Now showing 1 - 4 of 4
  • Publication
    Scopus© Citations 75
  • Publication
    The Trump-Induced G20 Stress Test on Trade: Did the German Presidency Pass?
    (Oxford Academic, 2018-05-17) ;
    At the beginning of its G20 year, the German Presidency attached little priority to trade policy. That stance had to change with the ascension to office of a U.S. President unwilling to follow the diplomatic niceties on trade policy of his predecessors. Moreover, following the U.S. withdrawal from the Trans-Pacific Partnership (TPP) in the first quarter of 2017, the fear grew that election-era protectionist slogans might be converted into action by the United States. This article assesses how effectively the German Presidency and the G20 process in general managed the Trump-induced 'stress test' on trade policy. The non-binding form of international economic cooperation, evident with the Leaders’ Summit appears, in our opinion, to have been only partially successful.
  • Publication
    Increasing the Odds of Survival: How Peer Influence and Reward Programs affect Customer Churn in Social Networks
    ( 2018-01)
    Customer churn is a severe threat for firms operating online social networks. While prior research highlighted the role of peer influence for examining churn in social networks, little is known about the underlying network e ects accounting for this relationship and how firms can proactively prevent churn resulting from peer influence. Combining research on self-determination theory and social networks, I examine to which degree network e ects on an individual and group level a ect churn and how di erent types of reward programs can be used to manage churn. Based on longitudinal field data from a large-scale social network, my results indicate that exposure toward already defected peers has a positive influence on churn, whereas interconnectedness with remaining peers has a negative influence on churn. Furthermore, I show that gamified rewards (i.e., “earning” a reward) as opposed to monetary rewards (i.e., merely receiving a reward) decrease customer churn and moderate the e ects of peer influence. Specifically, gamified rewards attenuate the positive influence of exposure and facilitate the negative influence of interconnectedness on churn. These findings contribute to our current understanding of customer churn in social networks and provide practitioners with implications on how to increase social networks’ odds of survival.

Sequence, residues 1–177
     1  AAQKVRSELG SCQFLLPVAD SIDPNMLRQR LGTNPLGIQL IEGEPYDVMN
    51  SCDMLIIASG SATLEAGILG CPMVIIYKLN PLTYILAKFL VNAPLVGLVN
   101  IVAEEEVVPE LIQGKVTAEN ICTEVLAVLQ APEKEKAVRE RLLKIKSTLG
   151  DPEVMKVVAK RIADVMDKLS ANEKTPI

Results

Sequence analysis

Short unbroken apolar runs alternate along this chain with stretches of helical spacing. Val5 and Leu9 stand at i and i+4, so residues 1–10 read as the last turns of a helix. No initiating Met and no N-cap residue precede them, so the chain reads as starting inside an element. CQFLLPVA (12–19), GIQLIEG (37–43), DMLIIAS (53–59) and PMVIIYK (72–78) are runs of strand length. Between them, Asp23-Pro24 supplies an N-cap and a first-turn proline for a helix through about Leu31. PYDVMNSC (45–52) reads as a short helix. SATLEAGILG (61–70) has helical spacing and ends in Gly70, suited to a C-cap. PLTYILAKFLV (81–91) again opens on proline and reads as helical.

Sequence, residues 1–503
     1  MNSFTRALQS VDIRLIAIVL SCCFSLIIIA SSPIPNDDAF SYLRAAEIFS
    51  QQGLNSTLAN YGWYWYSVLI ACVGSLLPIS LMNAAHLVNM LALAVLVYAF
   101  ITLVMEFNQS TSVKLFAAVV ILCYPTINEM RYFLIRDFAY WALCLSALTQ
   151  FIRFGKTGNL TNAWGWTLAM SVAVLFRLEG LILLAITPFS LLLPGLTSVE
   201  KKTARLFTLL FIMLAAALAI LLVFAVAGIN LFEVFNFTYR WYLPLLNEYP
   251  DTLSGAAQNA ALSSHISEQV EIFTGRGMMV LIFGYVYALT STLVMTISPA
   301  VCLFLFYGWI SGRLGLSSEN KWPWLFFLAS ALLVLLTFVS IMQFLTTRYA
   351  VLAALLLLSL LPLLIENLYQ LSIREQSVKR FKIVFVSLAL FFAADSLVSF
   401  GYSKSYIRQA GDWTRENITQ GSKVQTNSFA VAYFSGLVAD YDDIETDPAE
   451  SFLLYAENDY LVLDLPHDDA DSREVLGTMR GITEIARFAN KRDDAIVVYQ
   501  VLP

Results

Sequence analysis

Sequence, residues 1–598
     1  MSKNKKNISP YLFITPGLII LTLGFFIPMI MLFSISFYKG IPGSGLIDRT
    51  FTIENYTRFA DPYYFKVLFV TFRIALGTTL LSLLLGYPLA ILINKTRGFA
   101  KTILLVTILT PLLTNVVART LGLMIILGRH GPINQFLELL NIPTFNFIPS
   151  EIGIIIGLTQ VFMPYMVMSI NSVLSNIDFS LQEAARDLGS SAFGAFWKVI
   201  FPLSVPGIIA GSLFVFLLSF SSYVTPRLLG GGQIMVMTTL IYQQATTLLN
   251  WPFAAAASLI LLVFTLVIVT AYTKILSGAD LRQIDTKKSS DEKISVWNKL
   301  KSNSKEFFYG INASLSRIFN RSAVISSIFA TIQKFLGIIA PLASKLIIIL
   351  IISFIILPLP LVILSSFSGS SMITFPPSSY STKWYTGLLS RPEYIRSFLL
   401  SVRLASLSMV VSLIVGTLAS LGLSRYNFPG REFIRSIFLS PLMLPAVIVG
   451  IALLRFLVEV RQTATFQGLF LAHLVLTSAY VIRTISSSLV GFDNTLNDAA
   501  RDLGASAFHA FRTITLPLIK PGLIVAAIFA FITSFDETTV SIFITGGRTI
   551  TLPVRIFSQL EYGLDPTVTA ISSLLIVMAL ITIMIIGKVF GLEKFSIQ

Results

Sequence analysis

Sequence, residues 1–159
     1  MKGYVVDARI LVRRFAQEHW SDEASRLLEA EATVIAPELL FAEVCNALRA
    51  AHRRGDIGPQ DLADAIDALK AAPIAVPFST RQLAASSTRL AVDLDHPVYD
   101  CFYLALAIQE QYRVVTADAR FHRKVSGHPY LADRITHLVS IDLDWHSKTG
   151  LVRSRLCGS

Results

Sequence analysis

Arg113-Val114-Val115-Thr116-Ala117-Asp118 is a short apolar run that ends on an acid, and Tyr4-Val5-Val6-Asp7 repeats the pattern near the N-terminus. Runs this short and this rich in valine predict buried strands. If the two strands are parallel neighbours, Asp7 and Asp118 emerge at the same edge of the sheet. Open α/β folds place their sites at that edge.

• Publication
    Contagious Consumption: The Social Dynamics of Sharing Purchase Information on Spending in Freemium Networks
    Social networks that o er the basic functionalities of a product for free, but charge a premium for additional features (“freemium networks”) have become a prevalent business model in today’s digital economy. In these networks, firms often encourage their customers to share information about their purchases of premium features with other customers. Drawing on social impact theory and social network theory, this article examines whether and how sharing of purchase information a ects other customers’ spending on premium features. Results of a large-scale longitudinal field study show that sharing is contagious and has a positive, yet temporarily decaying e ect on spending. The study also reveals that social characteristics of customers’ ego and global network account for this e ect. Specifically, customers not only spend more on premium features when they are shared by knowledgeable, interconnected, and numerous peers, but also when customers—themselves—operate as information “brokers” in the network. These findings advance the current understanding about the dynamic e ects of social interactions on spending in social networks and provide implications for firms running freemium models.